“It’s timely that we review this law. It’s our duty to protect our young, and we must not fail them.”
However, if it is timely to review our law on this, isn’t it also timely for us to review the law on worker welfare and NS welfare so we can improve it?
It seems that there might be a prevailing mindset among our older Peoples’ Action Party (PAP) members to be very comfortable using harsher methods of punishment as a cure-all. Conversely, they seem less aware of solving problems through mercy and compassion.
In response to President Halimah’s somewhat hardline suggestion, the leading gender equality advocacy group, AWARE, thanked the President for her post but said it is “opposed to corporal punishment, both generally and as a response to acts of violence in particular.” “We do not agree that the government should consider caning rapists who are above 50 years old,” the group said in a statement published on Facebook on Tuesday (Dec 20).
Another high-profile woman in Singapore has also sparked controversy this week. Wife of PM Lee, Madam Ho Ching has been vociferously defending our country’s handling of Housing Development Board (HDB) flats. The escalating prices of HDB flats in Singapore have been trending lately, and Madam Ho has likened the purchasing of an HDB flat to paying rent without inflation for decades.
This prompted a netizen to query why HDB owners had to pay property tax. After all, if one was only renting the place, why should one pay property tax? The tongue-in-cheek comment has appeared to raise the ire of Madam Ho, who accused the said netizen of putting words in her mouth.
Technically, when one buys an HDB flat, one is only buying a 99-year lease on the property. In other words, the buyer does not own the flat in perpetuity. After 99 years, the property reverts back to the HDB, which in turn surrenders it back to the state. With this in mind, it is arguable that both Madam Ho and the netizen are correct to some extent. It isn’t rent because the buyer does own the flat for 99 years (or whatever is left of the lease at the time of purchase). However, it is akin to a rental because it does work like a long let.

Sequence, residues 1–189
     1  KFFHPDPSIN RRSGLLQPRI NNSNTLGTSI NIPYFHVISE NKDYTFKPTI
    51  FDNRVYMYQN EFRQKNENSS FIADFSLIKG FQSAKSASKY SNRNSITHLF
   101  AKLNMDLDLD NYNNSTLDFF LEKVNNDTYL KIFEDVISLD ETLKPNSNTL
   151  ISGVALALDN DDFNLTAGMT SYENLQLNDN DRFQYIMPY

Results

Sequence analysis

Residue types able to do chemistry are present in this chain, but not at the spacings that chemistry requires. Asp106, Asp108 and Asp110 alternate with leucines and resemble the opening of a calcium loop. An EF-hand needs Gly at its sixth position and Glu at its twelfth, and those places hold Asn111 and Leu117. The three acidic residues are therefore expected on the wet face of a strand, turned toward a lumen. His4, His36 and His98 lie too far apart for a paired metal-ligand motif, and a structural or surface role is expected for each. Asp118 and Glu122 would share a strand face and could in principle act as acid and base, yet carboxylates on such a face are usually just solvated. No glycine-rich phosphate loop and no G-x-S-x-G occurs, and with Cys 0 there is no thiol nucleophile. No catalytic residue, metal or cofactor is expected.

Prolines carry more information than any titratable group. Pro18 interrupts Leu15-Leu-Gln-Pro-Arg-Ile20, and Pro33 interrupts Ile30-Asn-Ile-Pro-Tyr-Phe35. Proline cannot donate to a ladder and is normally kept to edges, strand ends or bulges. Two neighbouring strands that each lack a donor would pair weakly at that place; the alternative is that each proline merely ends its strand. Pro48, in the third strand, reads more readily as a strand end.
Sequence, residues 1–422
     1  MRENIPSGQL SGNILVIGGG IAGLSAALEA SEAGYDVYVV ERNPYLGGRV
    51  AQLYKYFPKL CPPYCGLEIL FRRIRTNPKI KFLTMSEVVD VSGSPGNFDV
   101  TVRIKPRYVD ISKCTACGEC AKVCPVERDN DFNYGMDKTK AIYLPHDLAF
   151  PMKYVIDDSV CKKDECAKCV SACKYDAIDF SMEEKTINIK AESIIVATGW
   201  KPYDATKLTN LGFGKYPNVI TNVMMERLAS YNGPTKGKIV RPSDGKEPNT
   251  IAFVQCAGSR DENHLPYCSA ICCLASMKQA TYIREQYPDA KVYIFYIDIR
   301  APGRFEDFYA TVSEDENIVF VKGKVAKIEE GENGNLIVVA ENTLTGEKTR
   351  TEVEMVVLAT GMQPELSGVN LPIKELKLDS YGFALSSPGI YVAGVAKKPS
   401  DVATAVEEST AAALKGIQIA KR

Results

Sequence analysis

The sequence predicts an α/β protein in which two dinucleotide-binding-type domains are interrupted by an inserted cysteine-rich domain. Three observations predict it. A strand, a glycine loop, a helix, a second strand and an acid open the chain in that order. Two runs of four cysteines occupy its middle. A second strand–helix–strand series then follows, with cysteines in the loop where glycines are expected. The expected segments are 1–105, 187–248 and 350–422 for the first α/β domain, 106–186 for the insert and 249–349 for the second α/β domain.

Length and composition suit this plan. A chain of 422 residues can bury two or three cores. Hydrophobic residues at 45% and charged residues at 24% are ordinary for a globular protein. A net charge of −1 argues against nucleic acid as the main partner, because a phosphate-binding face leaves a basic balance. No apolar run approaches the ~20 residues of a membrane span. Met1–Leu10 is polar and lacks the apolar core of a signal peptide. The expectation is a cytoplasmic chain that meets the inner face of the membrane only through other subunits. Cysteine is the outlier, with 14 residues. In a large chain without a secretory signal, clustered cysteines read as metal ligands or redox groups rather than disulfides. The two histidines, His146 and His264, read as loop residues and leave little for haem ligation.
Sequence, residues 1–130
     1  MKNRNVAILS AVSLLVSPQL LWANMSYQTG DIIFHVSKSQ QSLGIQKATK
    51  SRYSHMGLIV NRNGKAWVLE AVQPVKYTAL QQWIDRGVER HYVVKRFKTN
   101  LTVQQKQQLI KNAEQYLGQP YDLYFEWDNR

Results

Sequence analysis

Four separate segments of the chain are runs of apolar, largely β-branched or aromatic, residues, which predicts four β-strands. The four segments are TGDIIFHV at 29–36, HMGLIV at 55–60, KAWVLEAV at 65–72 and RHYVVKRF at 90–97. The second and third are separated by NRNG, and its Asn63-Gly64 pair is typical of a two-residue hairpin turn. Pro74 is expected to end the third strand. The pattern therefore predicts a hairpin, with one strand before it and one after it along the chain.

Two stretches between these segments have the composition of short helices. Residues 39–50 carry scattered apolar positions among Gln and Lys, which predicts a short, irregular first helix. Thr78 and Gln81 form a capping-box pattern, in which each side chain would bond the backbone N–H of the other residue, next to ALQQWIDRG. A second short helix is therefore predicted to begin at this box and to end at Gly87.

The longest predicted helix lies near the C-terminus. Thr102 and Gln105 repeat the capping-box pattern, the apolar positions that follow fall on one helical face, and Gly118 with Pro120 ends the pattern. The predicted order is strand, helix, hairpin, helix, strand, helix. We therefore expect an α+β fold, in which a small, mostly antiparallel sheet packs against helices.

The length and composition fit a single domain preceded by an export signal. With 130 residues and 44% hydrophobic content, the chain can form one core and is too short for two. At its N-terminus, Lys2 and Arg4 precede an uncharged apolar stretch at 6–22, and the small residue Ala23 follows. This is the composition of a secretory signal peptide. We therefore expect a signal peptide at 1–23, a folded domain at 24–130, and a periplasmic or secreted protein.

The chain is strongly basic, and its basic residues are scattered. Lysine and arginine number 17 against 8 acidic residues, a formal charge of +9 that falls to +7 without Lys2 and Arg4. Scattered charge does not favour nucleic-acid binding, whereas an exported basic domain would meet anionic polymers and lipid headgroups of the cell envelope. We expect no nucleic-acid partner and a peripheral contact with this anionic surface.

To be fair to Madam Ho, she never did say that owning an HDB flat was the same as renting one. She merely used the analogy of rent to explain why she felt that prices were fair and low.
But somehow, I think the netizen got the point as well. She was merely making her point loosely and bluntly.
Perhaps, Madam Ho would have been less affronted if the netizen had phrased her comment differently. Perhaps, she should have framed her comment as a question:
“Given that HDB ownership is akin to paying rent, which means that it works like a long lease, would the Government perhaps address why we need to pay property tax on a property we don’t own in perpetuity”?
Madam Ho seems to have an in-depth understanding of the value of land, with her many examples that range from fruit to rent. Yet, as the former CEO of Temasek, she does not seem to have opined on the losses that Temasek suffered by investing in the ill-fated FTX.
Given her position as the former CEO of Temasek, I think netizens would be more interested in her thoughts on this issue as opposed to her views on HDB flats, given that I am pretty sure she does not live in one and probably has not lived in one for many years, even if she ever did.